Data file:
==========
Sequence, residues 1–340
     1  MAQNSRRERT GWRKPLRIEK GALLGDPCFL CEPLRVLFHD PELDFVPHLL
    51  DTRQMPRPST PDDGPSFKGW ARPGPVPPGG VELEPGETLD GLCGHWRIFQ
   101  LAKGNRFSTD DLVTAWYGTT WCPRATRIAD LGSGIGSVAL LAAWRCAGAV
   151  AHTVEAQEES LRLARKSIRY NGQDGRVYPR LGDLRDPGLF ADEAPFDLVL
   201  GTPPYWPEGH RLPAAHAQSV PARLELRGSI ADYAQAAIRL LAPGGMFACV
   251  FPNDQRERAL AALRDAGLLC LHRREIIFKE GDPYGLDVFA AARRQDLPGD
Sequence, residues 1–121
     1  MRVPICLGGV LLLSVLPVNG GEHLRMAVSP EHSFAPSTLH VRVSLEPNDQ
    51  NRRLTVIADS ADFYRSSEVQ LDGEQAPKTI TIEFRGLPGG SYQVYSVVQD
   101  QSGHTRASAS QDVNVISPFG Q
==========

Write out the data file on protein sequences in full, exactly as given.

Sequence, residues 1–340
     1  MAQNSRRERT GWRKPLRIEK GALLGDPCFL CEPLRVLFHD PELDFVPHLL
    51  DTRQMPRPST PDDGPSFKGW ARPGPVPPGG VELEPGETLD GLCGHWRIFQ
   101  LAKGNRFSTD DLVTAWYGTT WCPRATRIAD LGSGIGSVAL LAAWRCAGAV
   151  AHTVEAQEES LRLARKSIRY NGQDGRVYPR LGDLRDPGLF ADEAPFDLVL
   201  GTPPYWPEGH RLPAAHAQSV PARLELRGSI ADYAQAAIRL LAPGGMFACV
   251  FPNDQRERAL AALRDAGLLC LHRREIIFKE GDPYGLDVFA AARRQDLPGD
Sequence, residues 1–121
     1  MRVPICLGGV LLLSVLPVNG GEHLRMAVSP EHSFAPSTLH VRVSLEPNDQ
    51  NRRLTVIADS ADFYRSSEVQ LDGEQAPKTI TIEFRGLPGG SYQVYSVVQD
   101  QSGHTRASAS QDVNVISPFG Q